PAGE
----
Interview: Obsidian CEO Feargus Urquhart

By Jeff Mattas, Feb 24, 2011 12:00pm PST

Obsidian Entertainment, located in Irvine, California, is a developer best known for making a stable of high-quality sequels for successful role-playing franchises. Star Wars: Knights of the Old Republic 2, Neverwinter Nights 2, and Fallout: New Vegas, have been largely regarded as worthy sequels, due in no small part to Obsidian's respect for the established worlds and characters pioneered in their precursors. Dungeon Siege 3, based on the series created by Chris Taylor and Gas Powered Games, is Obsidian's latest endeavor.

Last week at the Dungeon Siege 3 hands-on preview event held at Obsidian's offices, I had a chance to sit down with CEO Feargus Urquheart and pick his brain about how Dungeon Siege 3 came to be, the key considerations when rebooting a well-liked franchise, and the challenges of adapting the series' gameplay for consoles.

Shacknews: Would you mind talking a bit about Obsidian's relationship with Square Enix, and how Dungeon Siege 3 came to be?

Feargus Urquhart: There was no one person that said, 'Hey, let's do Dungeon Siege 3 together.'

David Hoffman (Director of Business Development at Square Enix) approached us, because Square had made it known that they really wanted to do a western RPG, and team up with western developers. And we started talking because they're pretty close - they're in El Segundo, right by LAX.

And so me and David had met for lunch a number of times, and we were trying to come up with a game to work on. And we actually pitched them an original IP, which was a game called Defiance. (I would love to be able to make it at some point.) The idea behind Defiance was that we kind of took the alternate [route] that intead of like, "happy Lord of the Rings land" in which the evil people get killed and the ring gets thrown into the volcano - what happens if Sauron won? So, [it was the idea of] making a whole fantasy world based off of: "What does Sauron become, and what does the world become, if Sauron won?" We had been talking about that, but it was a big-budget project. And so at that point, as we start to get into late 2008 and 2009, the "badness" occurs with the economy.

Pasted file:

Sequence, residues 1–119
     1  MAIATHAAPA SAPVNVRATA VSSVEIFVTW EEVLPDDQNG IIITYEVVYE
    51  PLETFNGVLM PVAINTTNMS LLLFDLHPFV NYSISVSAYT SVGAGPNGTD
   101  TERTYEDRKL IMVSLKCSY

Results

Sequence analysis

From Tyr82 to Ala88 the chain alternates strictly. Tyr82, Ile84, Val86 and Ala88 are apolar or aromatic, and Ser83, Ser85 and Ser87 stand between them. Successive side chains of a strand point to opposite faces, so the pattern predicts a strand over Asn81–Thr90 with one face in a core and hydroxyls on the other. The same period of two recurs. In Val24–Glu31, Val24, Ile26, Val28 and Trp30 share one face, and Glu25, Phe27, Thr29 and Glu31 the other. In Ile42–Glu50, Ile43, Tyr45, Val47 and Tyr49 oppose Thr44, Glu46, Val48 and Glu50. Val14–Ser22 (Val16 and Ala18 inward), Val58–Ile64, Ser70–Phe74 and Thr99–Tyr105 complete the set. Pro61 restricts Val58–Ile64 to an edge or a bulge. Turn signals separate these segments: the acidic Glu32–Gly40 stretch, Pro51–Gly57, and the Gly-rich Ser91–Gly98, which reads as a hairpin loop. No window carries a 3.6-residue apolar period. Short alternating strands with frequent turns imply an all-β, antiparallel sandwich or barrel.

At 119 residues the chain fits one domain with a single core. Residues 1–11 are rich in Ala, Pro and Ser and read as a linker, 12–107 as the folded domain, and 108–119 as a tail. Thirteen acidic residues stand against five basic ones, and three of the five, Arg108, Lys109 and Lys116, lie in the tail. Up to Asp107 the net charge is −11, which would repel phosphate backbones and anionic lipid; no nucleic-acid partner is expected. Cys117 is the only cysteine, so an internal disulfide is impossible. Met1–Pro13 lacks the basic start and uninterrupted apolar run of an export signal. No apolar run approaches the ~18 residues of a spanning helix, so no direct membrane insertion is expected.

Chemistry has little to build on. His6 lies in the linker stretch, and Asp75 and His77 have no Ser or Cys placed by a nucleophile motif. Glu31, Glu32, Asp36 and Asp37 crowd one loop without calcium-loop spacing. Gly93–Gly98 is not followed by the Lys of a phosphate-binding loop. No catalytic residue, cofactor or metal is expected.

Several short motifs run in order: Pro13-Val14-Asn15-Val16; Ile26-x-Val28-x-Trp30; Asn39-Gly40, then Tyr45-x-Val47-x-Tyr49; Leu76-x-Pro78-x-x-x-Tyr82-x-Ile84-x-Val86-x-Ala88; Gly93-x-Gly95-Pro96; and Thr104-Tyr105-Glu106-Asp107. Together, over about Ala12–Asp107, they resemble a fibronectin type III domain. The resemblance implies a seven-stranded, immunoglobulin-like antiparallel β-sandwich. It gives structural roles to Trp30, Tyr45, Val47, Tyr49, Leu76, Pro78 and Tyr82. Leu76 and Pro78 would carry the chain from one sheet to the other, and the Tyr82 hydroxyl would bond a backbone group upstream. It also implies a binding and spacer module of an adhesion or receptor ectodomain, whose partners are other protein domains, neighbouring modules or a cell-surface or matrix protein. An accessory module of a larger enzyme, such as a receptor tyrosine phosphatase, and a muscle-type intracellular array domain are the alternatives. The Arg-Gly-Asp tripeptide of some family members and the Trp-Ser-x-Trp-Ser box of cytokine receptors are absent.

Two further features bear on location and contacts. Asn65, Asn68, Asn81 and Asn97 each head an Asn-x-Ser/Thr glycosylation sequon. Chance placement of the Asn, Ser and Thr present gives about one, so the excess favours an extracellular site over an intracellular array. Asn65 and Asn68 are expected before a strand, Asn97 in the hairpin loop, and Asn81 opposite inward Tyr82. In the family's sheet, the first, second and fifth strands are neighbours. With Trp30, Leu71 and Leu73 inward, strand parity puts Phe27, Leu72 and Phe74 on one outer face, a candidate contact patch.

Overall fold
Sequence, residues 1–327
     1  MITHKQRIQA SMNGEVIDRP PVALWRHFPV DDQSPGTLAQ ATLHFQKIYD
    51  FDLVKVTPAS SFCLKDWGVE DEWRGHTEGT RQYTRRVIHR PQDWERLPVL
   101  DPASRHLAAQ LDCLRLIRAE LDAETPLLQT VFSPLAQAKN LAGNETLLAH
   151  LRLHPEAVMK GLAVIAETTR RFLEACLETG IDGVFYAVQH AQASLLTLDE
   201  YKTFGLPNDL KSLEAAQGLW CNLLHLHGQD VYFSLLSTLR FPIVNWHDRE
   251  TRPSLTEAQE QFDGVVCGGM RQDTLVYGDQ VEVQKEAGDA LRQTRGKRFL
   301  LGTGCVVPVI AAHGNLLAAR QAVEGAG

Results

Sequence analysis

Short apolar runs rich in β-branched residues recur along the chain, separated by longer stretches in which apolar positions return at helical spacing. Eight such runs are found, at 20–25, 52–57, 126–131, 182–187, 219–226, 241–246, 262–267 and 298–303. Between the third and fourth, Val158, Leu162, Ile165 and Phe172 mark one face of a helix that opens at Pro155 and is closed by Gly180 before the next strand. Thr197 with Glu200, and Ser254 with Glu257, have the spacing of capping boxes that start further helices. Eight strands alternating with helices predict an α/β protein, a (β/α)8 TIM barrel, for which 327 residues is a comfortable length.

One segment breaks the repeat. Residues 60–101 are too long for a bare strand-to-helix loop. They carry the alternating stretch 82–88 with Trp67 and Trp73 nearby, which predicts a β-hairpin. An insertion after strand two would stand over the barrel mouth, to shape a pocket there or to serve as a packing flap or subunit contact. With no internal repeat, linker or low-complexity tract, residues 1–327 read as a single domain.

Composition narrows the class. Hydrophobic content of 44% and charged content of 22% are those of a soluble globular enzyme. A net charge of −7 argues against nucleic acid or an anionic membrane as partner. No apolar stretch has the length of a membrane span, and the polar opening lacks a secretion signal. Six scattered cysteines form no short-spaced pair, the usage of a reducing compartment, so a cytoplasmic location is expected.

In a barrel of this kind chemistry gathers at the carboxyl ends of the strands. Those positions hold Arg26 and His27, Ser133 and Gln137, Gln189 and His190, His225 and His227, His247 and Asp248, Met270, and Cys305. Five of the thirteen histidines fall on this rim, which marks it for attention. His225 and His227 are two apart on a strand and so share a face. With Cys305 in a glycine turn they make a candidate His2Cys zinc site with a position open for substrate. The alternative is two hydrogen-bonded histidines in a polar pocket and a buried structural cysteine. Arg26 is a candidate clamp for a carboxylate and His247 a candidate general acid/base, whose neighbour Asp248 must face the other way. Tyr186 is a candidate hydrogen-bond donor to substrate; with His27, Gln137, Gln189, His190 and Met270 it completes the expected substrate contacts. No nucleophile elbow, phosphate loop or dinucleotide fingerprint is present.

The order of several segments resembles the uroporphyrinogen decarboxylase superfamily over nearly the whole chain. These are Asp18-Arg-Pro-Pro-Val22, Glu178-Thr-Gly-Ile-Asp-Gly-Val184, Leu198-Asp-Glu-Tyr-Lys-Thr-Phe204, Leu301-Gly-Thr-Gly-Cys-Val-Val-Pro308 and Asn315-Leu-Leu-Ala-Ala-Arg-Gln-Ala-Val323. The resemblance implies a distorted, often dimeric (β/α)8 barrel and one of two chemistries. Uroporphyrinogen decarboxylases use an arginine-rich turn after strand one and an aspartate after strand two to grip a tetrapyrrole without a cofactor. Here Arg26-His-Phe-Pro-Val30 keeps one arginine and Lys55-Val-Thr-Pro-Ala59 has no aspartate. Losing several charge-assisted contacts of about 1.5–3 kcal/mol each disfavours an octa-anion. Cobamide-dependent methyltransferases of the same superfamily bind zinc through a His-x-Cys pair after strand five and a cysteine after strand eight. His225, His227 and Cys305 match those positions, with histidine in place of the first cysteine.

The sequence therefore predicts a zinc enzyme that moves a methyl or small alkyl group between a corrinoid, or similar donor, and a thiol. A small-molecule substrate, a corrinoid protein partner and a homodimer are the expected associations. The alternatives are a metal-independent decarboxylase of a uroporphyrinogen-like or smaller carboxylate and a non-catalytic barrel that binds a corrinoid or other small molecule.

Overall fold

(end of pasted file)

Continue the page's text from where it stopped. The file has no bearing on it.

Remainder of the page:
But Square was smart, and they didn't want to kind of slow down, and things like that. What was happening on another side is that they'd been working with Chris Taylor at Gas Powered [Games] on Supreme Commander 2. And so, of course, [Chris] had Dungeon Siege, but didn't have another team to work on it. I don't remember how it happened. I don't know if it was John Yamamoto who was running Square U.S. at the time, but they were like, "Well, we're talking to Obsidian about [Defiance] - and we'd really like to do it, but it's a little scary right now because of the economy and all that kind of stuff. And now we have this IP [Dungeon Siege], and Chris. And Chris can't do it, but it would still be cool to be able to do it." And so, that all got put together, and I got the phone call one day about, "Well, what about doing Dungeon Siege 3?" And I'm like, "That'd be cool! I love action role-playing games." (I was glad to be able to do them back [when I was working] at Black Isle.)